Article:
They say a bird in the hand is worth two in the bush.
But organizers of the international Great Backyard Bird Count, held each February, would disagree. To them, all bird sightings represent valuable information.
The Great Backyard Bird Count, taking place Feb. 17-20 this year, invites people all over the world to keep their eagle eyes open (and ears too — hearing birds also counts!) and keep records of the birds in their surroundings.
The project was started in 1998 by the Cornell Lab of Ornithology and the National Audubon Society as “the first online citizen-science project to collect data on wild birds and to display results in near real time,” according to the official website, birdcount.org. The initiative grew when Birds Canada joined in 2009 and spread its wings as a global project in 2013 when it was integrated into the eBird program (eBird.org).
Explains Pat Leonard of the Cornell Lab of Ornithology, “It’s four days in February; usually it falls on President’s Day weekend in the United States, from the Friday to the following Monday. And it’s basically what we like to call a snapshot of what’s going on with the birds at that time. … As you compare year to year, you can see how much things have changed.”
She continues, “The birds are everywhere, so no scientist or group of scientists could survey them all. That’s why we need people to act as our eyes and ears and monitor the birds where they live. And as more and more people watch birds and then report what they see, the better grip we can get on what is actually going on with them.”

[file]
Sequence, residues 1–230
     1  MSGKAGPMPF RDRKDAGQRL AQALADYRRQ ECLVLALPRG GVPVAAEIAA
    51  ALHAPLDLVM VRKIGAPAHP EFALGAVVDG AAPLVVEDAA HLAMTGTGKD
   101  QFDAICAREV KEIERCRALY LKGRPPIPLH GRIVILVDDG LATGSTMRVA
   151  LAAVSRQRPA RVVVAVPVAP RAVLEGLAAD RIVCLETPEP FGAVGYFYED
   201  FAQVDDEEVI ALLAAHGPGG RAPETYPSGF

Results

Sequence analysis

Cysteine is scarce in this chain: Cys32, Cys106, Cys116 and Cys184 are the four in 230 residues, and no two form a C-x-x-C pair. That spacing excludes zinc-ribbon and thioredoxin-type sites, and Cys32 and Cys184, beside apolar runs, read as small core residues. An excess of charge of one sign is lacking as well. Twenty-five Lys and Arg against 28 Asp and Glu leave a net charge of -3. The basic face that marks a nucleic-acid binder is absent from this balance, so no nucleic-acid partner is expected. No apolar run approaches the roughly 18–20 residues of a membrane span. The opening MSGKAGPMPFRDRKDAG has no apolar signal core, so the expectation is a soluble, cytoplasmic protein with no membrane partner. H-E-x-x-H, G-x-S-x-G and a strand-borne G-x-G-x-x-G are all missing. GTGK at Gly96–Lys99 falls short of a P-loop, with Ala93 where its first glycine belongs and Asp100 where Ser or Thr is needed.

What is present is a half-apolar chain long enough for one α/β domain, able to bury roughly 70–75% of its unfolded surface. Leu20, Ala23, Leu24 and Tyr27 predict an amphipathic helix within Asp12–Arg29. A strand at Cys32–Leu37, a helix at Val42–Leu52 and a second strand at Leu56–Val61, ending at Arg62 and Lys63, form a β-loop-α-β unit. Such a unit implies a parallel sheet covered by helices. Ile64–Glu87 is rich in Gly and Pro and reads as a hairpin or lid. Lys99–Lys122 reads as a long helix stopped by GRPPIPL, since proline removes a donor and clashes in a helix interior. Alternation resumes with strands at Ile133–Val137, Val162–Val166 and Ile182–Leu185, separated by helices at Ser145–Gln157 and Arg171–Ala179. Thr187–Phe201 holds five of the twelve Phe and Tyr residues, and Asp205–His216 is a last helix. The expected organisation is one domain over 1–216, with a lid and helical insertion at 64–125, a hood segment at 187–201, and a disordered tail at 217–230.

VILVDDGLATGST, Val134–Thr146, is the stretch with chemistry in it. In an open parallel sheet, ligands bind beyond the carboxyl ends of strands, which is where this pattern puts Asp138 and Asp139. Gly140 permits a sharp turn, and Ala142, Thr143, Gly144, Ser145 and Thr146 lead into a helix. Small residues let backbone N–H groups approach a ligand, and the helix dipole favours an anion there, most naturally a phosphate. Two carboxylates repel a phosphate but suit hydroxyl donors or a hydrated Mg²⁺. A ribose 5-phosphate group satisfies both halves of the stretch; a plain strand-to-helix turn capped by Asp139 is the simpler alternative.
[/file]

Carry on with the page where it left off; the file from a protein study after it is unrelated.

And February is an ideal time to do that for several reasons, Leonard explains. “Well, for one thing, there are no leaves on the trees in places that have deciduous forests, so you can actually see them a bit better. And particularly relating to migrating birds, we want to catch them before they start migrating back, so we have a picture of what’s going on at that time of year, when everybody’s set; they’re staying put where they are for the moment. Birds are always flying around going different places, yet they’re basically pretty stable at that point.”
Taking part in the Great Backyard Bird Count won’t swallow up too much time or energy.
Says Leonard, “It’s not that hard to do. It can be a fun family thing to do; you can just stay at home and watch out your window and look at your feeders and the trees, or go anywhere there might be birds.”
So, what does it take to be a citizen scientist? Nothing cuckoo. Only two things are required: a few minutes and free online account at eBird.org or the eBird mobile app. The Great Backyard Bird Count asks participants to spend a minimum of 15 minutes in a location where birds appear (like one of Arkansas’ state parks; some participate in the Bird Count in more formal ways) and submit their findings.
Don’t know the difference between, say, a red-bellied woodpecker, red-headed woodpecker, downy woodpecker, hairy woodpecker or pileated woodpecker? Consider downloading another free app, the Merlin Bird ID by the Cornell Lab, which helps birdwatchers identify feathered friends by asking a few key questions. The app can also narrow down the list of possibilities from a participant’s photos and sound recordings.
Birds of a feather
The growing Great Backyard Bird Count, which celebrated its 25th event last year, certainly has its ducks in a row.